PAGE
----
# Written midterm - 2014

 Due date(s): 08 October 2014

The midterm will be held on 08 October, 18:30 to 20:30. The topic will only be on Engineering Economics, everything, up to and including the class on 06 October 2014.

Resources you will need:

Questions in the midterm will be related to these topics:

1. Know how to calculate cash flows and exchange them for equivalent values at different times.
2. Be able to work forwards, i.e. escalate values to a future time point, or backwards, i.e. deflate all values to their present value
3. How do taxes affect the cash flow?
4. What if all cash flows are negative? (e.g., a public works project)
5. Compare various methods of profitability mentioned in class
• What are the advantages and disadvantages of each method
• What similarities do the measurements have?
• At what point in the planning of a project would each measure be appropriate?
• What are the measurements trying to represent?
• What are some simple measures of profitability that one could quickly do to see if a project makes any sense?
6. The calculation of DCFRR requires a trial and error solution. What is the most efficient way to accomplish this?
7. What are typical critical values for Payback Time (PT), Return on Investment (ROI), Discounted Cash Flow (DCF), and Minimal Acceptable Rate of Return (MARR)?
8. Find one more common measure of profitability (Ex. Equivalent Annual Worth or Annuity). How is it calculated and how does it compare to other measurements?
9. Discuss how the “value of money” is determined.
10. What factors affect cash flow? How are these factors calculated? e.g. inflation, depreciation, taxes
11. Set up a cash flow problem and calculate measures of profitability.

There are some practice problems posted on the course website from previous instructors. Also see the economics section for some practice problems from Dr. Marlin.

### Answering questions in the exam

• Only use dollar figures in the midterm; never include cents. Also round to the closest \$1000 dollars when dealing with large currency values.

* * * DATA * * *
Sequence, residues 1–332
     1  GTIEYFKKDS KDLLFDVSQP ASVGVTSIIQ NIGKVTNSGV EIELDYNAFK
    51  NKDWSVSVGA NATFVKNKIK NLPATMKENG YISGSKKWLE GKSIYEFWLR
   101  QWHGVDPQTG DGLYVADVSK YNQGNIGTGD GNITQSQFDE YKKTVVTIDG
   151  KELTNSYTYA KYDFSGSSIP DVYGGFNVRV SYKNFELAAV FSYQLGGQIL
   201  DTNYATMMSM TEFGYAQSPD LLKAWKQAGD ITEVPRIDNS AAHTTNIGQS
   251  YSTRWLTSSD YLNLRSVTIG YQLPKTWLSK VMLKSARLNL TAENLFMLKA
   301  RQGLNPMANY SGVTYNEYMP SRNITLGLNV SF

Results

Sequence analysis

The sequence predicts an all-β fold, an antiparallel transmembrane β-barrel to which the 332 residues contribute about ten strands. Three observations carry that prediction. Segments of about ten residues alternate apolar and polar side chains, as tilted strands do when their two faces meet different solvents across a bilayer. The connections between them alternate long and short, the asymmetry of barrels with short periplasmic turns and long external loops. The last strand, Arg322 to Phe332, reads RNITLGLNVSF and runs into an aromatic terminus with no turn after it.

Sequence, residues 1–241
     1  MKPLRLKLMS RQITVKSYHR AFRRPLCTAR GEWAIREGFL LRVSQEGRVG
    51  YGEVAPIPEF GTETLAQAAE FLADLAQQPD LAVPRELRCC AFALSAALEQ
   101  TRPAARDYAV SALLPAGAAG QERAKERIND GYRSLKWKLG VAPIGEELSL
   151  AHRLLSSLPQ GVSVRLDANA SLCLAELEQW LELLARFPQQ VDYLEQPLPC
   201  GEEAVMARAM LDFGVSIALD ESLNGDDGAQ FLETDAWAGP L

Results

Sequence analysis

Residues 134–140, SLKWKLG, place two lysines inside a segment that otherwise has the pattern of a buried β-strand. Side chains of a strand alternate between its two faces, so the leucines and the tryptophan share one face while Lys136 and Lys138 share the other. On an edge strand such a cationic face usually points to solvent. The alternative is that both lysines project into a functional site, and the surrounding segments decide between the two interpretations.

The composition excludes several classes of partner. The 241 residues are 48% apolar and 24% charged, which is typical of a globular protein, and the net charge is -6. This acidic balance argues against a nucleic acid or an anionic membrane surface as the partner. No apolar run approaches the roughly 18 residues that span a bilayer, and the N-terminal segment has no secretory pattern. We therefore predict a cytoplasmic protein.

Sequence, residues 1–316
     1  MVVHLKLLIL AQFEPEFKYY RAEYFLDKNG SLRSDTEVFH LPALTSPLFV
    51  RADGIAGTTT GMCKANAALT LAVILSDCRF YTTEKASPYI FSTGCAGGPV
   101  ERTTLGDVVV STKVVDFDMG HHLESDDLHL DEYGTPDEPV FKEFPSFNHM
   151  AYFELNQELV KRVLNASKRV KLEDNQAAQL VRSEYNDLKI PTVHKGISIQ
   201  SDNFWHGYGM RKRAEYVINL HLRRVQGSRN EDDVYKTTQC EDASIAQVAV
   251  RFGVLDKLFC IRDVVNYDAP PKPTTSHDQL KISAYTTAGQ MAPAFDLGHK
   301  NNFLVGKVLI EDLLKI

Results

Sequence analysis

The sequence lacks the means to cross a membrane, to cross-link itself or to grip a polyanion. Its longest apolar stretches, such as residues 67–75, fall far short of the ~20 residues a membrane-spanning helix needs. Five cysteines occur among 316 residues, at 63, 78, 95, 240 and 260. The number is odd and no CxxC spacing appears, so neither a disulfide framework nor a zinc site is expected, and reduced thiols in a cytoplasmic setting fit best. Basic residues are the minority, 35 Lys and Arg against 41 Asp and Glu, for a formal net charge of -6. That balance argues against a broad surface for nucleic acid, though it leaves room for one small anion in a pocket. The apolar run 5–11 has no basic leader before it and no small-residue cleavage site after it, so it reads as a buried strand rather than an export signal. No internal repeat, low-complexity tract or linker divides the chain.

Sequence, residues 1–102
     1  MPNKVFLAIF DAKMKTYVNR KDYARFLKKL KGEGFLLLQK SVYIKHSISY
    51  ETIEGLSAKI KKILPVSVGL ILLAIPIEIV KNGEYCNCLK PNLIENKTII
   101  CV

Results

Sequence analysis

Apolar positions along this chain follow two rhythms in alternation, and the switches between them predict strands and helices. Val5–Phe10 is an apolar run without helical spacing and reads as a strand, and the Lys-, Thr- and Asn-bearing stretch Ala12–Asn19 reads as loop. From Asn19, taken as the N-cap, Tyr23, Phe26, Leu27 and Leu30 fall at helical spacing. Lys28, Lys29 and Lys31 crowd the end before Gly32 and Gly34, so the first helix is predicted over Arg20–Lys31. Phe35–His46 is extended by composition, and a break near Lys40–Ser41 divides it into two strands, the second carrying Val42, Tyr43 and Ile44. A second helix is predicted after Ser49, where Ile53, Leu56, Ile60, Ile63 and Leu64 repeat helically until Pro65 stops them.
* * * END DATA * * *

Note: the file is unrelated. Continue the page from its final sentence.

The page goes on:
• Any tabular question (e.g. NPV analysis) should clearly state your assumptions. Work across both pages of your answer book. Use superscript notes to show how you calculated values in the first 2 periods.
• You may bring in any printed materials to the exam; any textbooks, any papers, etc.
• Some tables of cost correlations are included in the exam; please use these where appropriate.
• You may use any calculator during the exam.
• You may answer the questions in any order in the answer booklet.
• Time saving tip: please use bullet points to answer, where appropriate, and never repeat the question back in your answer.
• If anything seems unclear, or information appears to be incomplete, please make a reasonable assumption and continue with the question.

### How to prepare for the exam

• Understand the concepts being learned. My courses are not about applying the correct equation and solving; computers do that.
• Check that your answers are reasonable and comment on whether they are, and especially if they seem unreasonable. This demonstrates that even though you have a calculation error, you have used your engineering judgement to identify that.
• Read the questions carefully: they are usually worded precisely. The biggest point where students loose marks is to answer only part of the question.
• Questions that you did on computer in the assignments: make sure you can repeat them by hand. Obviously not where you have to draw an entire economic analysis, but make sure the calculations can be done for one or two periods.
• Review and repeat all assignment questions that you do not understand. Do not rely on the assignment solutions: none of the exam questions are going to be from the assignments (even with different values).
• I cannot emphasize this strongly enough: treat the exam as a closed-book test: have a formula sheet for the equations, and understand all the concepts without referring to a textbook. Textbooks and other papers should be used to refer to as a backup only.